The Hamburg, NY native was the first overall pick of the 2021 OHL priority selection, and took a massive step forward in his sophomore season with 78 points in 53 games. If he learns to polish the physical aspect of his game, he would be a glowing addition to their prospect pool and make for a good one-two punch on the left side with Matthew Knies. He’s a great playmaker and has power forward potential in the NHL if he can find that physical edge, which would set the Maple Leafs’ top six up nicely in the future.

29. St. Louis Blues (from NYR) – Kasper Halttunen (RW, HIFK, SM-Liiga, 6-foot-3, 207 pounds)

The Blues’ late decision to sell off pieces like Ryan O’Reilly and Vladimir Tarasenko last season left them with three first round picks, and while they may not use all three picks, we have no way to predict the future here. So, assuming things go exactly as I’ve mapped it out (which they certainly won’t), the Blues already have Axel Sandin Pellikka and Nate Danielson under their belts, so we’ll give the forwards the advantage here and have them take Kasper Halttunen. 
If you were to simply look at European prospects’ numbers in the pros, you’d be convinced that none of them have any offensive ability. But, I always like to note that European pro teams are more focused on building the best possible roster and less focused on developing prospects for North American teams to eventual poach. That said, Halttunen will have more of a chance to prove himself in 2023-24, and his whopping 18 goals and 24 points in 18 games with his junior team inspire confidence for his odds with HIFK’s pro team next season.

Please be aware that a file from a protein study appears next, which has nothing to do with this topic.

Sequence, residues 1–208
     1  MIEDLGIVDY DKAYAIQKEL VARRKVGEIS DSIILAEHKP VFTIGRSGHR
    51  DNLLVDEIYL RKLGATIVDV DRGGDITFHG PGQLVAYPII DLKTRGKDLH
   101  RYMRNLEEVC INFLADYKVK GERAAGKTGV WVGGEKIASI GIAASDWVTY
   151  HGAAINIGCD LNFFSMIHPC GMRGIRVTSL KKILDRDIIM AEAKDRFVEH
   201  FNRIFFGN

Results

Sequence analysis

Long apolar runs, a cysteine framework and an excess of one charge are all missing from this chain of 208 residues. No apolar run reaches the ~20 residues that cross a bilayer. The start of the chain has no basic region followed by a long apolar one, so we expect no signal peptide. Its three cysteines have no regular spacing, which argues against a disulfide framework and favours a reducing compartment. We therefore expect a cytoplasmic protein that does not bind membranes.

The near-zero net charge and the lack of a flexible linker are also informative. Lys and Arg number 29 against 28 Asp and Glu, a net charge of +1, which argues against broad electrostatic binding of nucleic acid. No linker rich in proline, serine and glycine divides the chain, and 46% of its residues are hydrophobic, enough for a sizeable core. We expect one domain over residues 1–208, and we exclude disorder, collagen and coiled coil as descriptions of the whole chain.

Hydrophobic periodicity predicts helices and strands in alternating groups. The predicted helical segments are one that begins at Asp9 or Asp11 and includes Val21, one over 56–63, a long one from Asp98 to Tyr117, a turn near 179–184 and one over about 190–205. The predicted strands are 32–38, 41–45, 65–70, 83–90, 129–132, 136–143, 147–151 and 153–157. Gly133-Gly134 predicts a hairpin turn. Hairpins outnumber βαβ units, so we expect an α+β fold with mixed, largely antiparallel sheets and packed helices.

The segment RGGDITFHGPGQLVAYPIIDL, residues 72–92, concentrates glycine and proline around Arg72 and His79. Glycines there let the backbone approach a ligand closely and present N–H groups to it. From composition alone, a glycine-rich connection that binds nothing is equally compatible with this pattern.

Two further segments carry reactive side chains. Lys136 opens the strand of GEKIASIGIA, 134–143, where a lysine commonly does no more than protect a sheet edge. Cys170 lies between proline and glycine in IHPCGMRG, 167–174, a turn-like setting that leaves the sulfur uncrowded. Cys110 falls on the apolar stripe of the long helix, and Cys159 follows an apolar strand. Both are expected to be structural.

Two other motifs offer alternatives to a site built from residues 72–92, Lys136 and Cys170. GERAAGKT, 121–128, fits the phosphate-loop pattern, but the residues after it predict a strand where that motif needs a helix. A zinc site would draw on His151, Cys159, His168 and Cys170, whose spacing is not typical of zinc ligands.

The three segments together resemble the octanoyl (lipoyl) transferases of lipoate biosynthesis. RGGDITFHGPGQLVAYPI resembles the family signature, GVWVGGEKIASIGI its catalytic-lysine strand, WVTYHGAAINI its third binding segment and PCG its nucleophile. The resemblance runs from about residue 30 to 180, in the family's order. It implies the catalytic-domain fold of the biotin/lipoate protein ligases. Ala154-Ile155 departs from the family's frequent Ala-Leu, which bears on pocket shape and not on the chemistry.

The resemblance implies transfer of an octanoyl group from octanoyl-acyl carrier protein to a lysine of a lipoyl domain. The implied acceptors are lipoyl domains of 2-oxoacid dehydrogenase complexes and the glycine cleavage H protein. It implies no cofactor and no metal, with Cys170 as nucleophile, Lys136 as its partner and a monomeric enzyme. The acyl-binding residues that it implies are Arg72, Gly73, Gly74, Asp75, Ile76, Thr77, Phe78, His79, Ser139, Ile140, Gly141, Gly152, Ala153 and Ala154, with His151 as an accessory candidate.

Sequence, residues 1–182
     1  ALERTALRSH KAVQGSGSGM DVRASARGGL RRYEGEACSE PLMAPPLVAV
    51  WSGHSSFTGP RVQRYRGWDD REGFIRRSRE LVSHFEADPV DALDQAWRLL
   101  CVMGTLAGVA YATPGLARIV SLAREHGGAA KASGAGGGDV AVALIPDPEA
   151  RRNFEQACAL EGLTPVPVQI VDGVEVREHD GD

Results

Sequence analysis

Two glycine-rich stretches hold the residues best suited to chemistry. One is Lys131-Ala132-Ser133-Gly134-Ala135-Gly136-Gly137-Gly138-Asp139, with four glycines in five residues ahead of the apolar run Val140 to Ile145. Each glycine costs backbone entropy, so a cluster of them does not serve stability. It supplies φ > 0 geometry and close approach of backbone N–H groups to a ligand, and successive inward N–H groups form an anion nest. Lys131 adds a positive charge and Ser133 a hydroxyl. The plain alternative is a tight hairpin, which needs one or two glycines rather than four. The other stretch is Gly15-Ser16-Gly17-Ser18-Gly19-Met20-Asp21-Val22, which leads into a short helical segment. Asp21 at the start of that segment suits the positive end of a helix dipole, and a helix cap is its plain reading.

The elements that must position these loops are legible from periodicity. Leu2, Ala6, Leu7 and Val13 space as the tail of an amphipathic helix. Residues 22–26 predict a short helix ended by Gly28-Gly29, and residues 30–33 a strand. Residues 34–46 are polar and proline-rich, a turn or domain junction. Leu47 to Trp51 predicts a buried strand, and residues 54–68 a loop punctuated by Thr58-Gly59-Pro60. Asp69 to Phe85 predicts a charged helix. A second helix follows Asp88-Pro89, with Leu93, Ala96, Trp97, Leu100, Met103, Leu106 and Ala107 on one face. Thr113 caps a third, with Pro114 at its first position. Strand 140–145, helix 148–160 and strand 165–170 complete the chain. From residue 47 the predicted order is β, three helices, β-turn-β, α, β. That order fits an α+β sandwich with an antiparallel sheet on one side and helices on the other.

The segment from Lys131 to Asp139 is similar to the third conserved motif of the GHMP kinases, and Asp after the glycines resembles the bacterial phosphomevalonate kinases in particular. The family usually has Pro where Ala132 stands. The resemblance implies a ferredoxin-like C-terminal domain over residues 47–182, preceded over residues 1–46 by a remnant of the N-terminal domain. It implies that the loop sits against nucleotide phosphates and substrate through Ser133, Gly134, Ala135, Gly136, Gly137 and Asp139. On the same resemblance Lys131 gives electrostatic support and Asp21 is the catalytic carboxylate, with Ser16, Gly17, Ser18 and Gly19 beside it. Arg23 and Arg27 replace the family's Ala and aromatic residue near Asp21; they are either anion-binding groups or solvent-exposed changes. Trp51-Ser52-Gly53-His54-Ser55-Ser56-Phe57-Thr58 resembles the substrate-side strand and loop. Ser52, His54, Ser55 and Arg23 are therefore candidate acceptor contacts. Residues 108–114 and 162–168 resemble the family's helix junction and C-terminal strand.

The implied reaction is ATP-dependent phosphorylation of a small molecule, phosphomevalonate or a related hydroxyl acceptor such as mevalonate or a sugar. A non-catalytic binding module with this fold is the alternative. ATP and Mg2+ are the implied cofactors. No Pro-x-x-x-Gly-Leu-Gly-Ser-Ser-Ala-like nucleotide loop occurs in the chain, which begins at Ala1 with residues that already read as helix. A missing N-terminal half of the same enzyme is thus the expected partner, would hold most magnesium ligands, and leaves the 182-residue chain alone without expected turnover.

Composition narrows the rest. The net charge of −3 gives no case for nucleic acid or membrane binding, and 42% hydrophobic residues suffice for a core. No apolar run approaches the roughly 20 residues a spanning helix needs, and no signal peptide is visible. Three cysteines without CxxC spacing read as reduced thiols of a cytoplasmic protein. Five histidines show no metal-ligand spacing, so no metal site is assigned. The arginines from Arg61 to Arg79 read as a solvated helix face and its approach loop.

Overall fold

30. Carolina Hurricanes – Charlie Stramel (C, University of Wisconsin, NCAA, 6-foot-3, 216 pounds)

The Hurricanes have lots of dynamic moving parts up front, but they lack a true power forward that can play in the top six. While Stramel’s ceiling is unknown, he strikes me as a player who has a pretty safe floor as a middle six forward in the NHL. He can also play multiple positions up front which will increase his odds of being able to stick in the lineup eventually.
While his stats don’t jump out at you on paper, with 12 points in 33 games, he plays a game that coaches love and will likely see a boost in performance with a full NCAA season under his belt heading into next year. If the Hurricanes were to select him, he would make for a nice compliment to one of their high end forwards such as Sebastian Aho or Andrei Svechnikov.

31. Montreal Canadiens – Ethan Gauthier (RW, Sherbrooke Phoenix, QMJHL, 5-foot-11, 183 pounds)

We’re way past the days of the Canadiens selecting French players simply because they’re French, but sometimes it just lines up naturally. The Canadiens have been building a really good looking forward group over the past few years centred around Nick Suzuki, Cole Caufield, and Juraj Slafkovsky. They’re almost 99.9% destined to land one of the top forwards not named Bedard or Fantilli with their fifth overall pick, and a player like Gauthier would be a perfect compliment to the rest of them.
Standing at 5-foot-11, he’s not a big player next to a measuring tape, but he’s tenacious for his size and can bring it offensively too. He scored 30 goals and added 69 points in 66 games for the Sherbrooke Phoenix in 2022-23. It will be interesting to see how he performs with a new team in 2023-24, having since joined the Drummondville Voltigeurs, and how his development shakes out going forward.

32. Vegas Golden Knights – David Edstrom (C, Frolunda HC J20, Swe-Jr, 6-foot-3, 187 pounds)

Fresh off of their Stanley Cup victory, the Golden Knights likely aren’t too worried about knocking their 32nd overall pick out of the park. That being said, it’s going to be pretty hard to mess up a pick in this draft given how deep the class is. And even if they don’t shoot for the stars and take the best player available, they’d still be getting a strong player even with a safer pick like Edstrom. 
The 6-foot-3 Swede scored 15 goals in 28 games this season and impressed in his brief appearance with the SHL club, registering four points in 11 games. He’s likely one of those players that stays overseas for the first few years of his development before he transitions to North America, but for a team like Vegas, they’re not really in a rush to get prospects onto the roster, so it would be a good match for both sides.